Most event vendors are small- to medium-sized businesses—many of whom have not had a moment to breathe, post-pandemic. Much of our consulting work lies in curating and collaborating with capable vendors to align them with the event host's sustainability strategies. It's key to the event's success.

I don't imagine this need going away anywhere in the near term; there is a learning curve and an educational component that is essential.

You talk a lot about why sustainability is a smart business strategy. Can you elaborate?
Fifty-six percent of the global population are millennials and Gen Z. And 73% of this cohort is passionate about climate and their support of purpose-driven businesses. America's future consumer is climate conscious and aware. 

Apart from the future consumer, in 2009, Harvard Business School published a study that recognized that companies who embed sustainability into their long-term business strategy perform significantly better than cohorts who don't. In 2016, NYU Stern's Center for Sustainable Business also published a report which found consistently positive financial and strategic benefits for companies that embedded sustainability into their core strategy. In 2021, Sustainable Investing was one of the steadiest forces on Wall Street—and Bloomberg Predicts ESG Assets will account for over a third of total global assets managed by 2025 at more than $53 trillion. 

The fact is, incorporating sustainability into your business actually means that your business is more likely to be financially viable into the future. 

A lot of event professionals think going truly sustainable is too expensive. What would you say to that?
That is a common misconception. To me, it's an investment in brand reputation, another form of live and in-person PR. Attendees notice when there is no recycling and food is going to waste. Conversely, from a cost-saving perspective, switching from beef at every meal to vegetarian is a huge cost savings. Eliminating linear to landfill design is a cost savings—and discontinuing wasteful and unnecessary event swag is a cost savings. Eliminating single-use plastic is a cost savings.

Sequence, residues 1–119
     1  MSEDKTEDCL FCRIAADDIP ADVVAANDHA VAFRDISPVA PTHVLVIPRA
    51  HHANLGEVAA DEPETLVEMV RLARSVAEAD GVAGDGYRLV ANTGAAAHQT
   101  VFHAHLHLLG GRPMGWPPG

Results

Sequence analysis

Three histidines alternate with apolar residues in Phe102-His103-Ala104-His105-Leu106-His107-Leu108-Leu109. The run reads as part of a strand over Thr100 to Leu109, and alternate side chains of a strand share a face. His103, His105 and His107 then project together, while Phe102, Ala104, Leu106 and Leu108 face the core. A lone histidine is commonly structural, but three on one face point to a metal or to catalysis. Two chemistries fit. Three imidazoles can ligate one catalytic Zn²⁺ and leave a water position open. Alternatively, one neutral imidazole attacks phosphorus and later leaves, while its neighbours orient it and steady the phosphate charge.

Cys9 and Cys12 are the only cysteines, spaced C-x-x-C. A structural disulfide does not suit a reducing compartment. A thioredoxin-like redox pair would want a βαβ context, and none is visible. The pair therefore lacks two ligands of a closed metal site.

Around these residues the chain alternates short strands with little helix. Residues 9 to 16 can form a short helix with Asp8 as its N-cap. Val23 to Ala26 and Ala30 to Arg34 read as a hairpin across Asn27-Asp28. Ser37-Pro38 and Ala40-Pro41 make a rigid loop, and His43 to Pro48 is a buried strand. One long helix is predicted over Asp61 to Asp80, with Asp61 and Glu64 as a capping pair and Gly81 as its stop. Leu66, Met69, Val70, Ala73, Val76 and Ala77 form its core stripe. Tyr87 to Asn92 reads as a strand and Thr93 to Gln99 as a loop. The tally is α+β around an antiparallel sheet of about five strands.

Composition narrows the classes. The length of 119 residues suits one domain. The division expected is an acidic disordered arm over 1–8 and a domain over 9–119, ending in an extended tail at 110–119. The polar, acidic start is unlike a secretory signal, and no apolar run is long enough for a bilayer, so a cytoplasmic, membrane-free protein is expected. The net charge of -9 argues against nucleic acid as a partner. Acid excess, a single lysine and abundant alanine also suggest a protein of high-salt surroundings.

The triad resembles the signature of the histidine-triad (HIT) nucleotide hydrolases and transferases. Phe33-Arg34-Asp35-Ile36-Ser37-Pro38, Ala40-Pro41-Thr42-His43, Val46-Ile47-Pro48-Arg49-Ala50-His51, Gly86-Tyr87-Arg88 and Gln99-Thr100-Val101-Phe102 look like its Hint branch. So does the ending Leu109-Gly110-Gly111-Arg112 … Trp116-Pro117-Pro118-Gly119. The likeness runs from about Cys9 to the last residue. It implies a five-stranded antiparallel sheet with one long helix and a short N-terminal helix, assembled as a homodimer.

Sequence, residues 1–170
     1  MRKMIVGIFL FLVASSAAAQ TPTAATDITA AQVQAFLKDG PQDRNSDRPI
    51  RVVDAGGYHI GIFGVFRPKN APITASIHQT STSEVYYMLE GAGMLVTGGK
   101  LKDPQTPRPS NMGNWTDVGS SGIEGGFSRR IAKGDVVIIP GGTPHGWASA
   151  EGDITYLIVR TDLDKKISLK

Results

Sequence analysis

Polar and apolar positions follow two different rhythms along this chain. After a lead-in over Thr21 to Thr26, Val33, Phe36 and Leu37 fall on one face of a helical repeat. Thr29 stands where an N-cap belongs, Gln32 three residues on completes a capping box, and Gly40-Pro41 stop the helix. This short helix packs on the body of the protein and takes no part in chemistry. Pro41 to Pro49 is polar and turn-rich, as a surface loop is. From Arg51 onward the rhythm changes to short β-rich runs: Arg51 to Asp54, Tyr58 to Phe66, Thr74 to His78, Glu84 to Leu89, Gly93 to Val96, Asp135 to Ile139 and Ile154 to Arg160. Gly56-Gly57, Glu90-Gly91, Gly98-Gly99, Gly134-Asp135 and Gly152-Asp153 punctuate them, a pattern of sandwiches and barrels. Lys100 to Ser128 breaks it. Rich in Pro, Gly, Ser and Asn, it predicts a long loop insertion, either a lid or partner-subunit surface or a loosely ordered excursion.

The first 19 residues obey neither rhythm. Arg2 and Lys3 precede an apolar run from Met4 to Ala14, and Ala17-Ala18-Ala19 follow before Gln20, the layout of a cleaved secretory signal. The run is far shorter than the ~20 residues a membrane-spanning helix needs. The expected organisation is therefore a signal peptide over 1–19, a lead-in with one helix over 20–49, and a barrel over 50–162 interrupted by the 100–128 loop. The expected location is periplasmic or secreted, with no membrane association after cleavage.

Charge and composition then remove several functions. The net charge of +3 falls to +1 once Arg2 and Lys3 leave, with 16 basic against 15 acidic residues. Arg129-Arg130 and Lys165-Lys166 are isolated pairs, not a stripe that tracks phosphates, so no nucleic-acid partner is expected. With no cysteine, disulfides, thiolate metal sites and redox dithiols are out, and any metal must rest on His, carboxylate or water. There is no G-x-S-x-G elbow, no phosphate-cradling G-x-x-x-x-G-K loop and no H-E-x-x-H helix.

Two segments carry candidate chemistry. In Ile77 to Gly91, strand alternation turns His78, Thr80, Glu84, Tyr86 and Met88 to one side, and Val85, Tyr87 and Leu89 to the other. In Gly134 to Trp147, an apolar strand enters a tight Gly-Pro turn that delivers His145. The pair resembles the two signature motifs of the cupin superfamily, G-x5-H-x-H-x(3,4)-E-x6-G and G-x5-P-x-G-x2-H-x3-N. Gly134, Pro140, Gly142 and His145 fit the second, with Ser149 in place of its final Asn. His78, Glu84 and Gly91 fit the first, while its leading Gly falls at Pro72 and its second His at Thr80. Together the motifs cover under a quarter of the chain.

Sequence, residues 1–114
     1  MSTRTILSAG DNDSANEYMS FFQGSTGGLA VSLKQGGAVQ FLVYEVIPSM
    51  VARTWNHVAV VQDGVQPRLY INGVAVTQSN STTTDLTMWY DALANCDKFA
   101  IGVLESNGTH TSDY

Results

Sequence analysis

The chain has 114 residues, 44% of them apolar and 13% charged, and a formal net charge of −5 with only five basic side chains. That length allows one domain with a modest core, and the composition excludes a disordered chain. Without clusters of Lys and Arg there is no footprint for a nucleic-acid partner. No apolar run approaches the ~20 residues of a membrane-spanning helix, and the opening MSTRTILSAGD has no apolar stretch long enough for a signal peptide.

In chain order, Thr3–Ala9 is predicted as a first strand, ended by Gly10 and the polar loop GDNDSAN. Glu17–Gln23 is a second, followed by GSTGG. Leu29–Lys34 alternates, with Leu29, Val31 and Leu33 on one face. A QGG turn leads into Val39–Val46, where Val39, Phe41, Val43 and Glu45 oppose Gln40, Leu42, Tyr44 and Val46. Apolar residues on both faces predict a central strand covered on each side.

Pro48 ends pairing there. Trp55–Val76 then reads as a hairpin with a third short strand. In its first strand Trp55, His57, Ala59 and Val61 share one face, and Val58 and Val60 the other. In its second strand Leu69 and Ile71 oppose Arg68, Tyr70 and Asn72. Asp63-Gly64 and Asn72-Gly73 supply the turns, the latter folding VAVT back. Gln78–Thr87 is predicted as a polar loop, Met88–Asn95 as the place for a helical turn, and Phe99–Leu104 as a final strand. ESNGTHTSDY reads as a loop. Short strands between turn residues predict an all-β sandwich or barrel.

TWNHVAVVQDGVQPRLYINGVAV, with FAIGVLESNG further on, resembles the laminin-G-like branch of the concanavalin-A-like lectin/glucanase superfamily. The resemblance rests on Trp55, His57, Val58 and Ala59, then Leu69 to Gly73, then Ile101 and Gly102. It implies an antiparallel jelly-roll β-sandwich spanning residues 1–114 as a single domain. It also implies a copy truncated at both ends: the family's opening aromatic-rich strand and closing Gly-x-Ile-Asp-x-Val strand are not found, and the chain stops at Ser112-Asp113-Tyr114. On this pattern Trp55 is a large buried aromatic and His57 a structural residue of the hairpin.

The rest, including things like waste diversion programming, should be accounted for in each event budget. At this point in time, 2023 event budgets should be increasing, if not doubling, due to supply chain, payment of fair wages, inflation—and sustainability. Corporations that plan to cut 2023 event budgets should be rethinking their entire event strategy.

What’s the best starting point for event professionals who want to be more sustainable?
Educate yourself on emissions, the different scopes of emissions, what they mean, and how they exist in relation to events. Also, commit to learning more about sustainability and taking certifications around sustainability in the industry. 

Depending on the event location and if it's drawing non-local attendees, travel emissions management is a huge component, with energy being a close second. Selecting venues and cities that utilize green energy can save six figures in emissions.

What are your biggest sustainability-focused tips for events?
I can talk about this all day! But, the boilerplate is to focus on the following: attendee travel, energy, sourcing (vendors, distances, materials, etc.), food choices, and waste diversion. If you focus on these elements strategically from the start and commit to positive impacts, you will be off to an impactful start.

What’s the No. 1 thing you wish all event professionals knew about sustainability?
Both of my businesses exist to facilitate live events, because I believe in human connection, and I believe that's how business gets done. But how can we do it mindfully? 

[Sustainability is] the indisputable future of the events business and industry at large. Whether it's large-scale business events or young millennial weddings, incorporating sustainability into business practices and your model is a must. It is not a trend nor a nice-to-have; it's now a signal of brand reputation and showcasing a greater responsibility to purpose-driven business practices. 

This interview has been slightly edited and condensed.